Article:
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Tuesday 22 July 2003

Jorn Barger

Jorn Barger is a collector, of a sort — though you wouldn’t know what sort, exactly, from gazing on his worldly possessions. A long-haired, thick-bearded former artificial-intelligence (AI) programmer in his forties, Barger lives in genteel poverty, sharing an apartment with roommates in Chicago’s scruffy West Rogers Park neighborhood. His bedroom once held a lot of books, but he had to sell them off some time ago; the principal fixtures remaining are a secondhand Macintosh with built-in television, a boom-box radio, and a bed. Barger spends his days in the bed, and there — sitting with the Mac’s keyboard in his lap and its monitor beside him — he collects: A color-coded map of the world’s language families. A discussion of the various titles Proust considered and discarded for Remembrance of Things Past. A National Enquirer article on “who’s doing yoga in Hollywood.” A BBC item on the evolution of cooperation among capuchin monkeys. Some photos of Fisher-Price Little People repainted as characters from Futurama. A FAIR analysis of recent mainstream news coverage of the IMF and the World Bank. An oddly evocative Webcam shot from the Jennicam Web site. A tribute to the Spanish-language children’s television show El Club de los Tigritos. A compilation of Noam Chomsky resources on the Web. A detailed list of textual correspondences between James Joyce’s Ulysses and Homer’s Odyssey. A phrase that Barger dreamed last night on the edge of waking.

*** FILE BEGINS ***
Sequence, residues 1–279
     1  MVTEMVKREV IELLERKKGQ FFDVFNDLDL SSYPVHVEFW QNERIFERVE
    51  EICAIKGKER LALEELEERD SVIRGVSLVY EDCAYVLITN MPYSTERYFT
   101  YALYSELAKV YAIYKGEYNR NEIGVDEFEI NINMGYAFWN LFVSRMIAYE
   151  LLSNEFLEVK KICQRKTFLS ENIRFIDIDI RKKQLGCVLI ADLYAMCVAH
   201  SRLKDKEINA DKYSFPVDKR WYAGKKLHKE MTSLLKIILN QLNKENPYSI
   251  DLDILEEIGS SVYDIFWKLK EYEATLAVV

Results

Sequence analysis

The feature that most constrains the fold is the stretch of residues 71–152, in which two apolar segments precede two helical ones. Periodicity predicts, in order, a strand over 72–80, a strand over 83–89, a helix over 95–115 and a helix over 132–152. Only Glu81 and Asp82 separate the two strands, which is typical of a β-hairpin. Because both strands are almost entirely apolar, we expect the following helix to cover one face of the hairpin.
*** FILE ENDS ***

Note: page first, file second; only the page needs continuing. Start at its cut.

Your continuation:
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Monday 23 June 2003

Tool patents online

Some of my cheerful companions on the OldTools mailing list have helped to build the Directory of American Tool and Machinery Patents. This is a searchable database that opens the historical records of the US Patents Office. Here you’ll find patent specifications for great leaps in American tool design (like Justus Traut’s 1888 plane iron lateral adjuster, used ever since by the Stanley company), and for thousands of smaller steps forward.

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Tuesday 3 June 2003

Salam Pax is real

Peter Mass has written a piece for Slate about meeting Salam Pax:

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Friday 21 March 2003

Baghdad blogger

Salam Pax (not his real name, surely) writes a weblog from Baghdad. It’s a gripping account of daily life in a city waiting for the onslaught. »more»

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Wednesday 5 March 2003

Ed Hamrick Fan Club

Ed Hamrick is a one-man-band software developer and the author of vuescan. When I want to squeeze the last ounce from a negative, this is the tool I reach for. The program just gets better and better. I don’t know any software vendor as helpful and responsive. Ed is a legend.

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Thursday 16 January 2003

Everything Bucky knew

Everything I know is a complete video, audio and text record of a Richard Buckminster Fuller talkathon:

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Wednesday 8 January 2003

The weblog of Samuel Pepys

Last year I pointed out Michael Stillwell’s website containing excerpts from Samuel Pepys’s diary. I called it a proto-blog.

Now Phil Gyford is publishing Pepys’s diary, day by day, in true weblog form. He has signed up to a job that will run to the end the diary — nine years. Much of the heavy work has already been done by the remarkable David Widger, who produced the digital text from the 1893 edition of the diaries.

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Wednesday 4 December 2002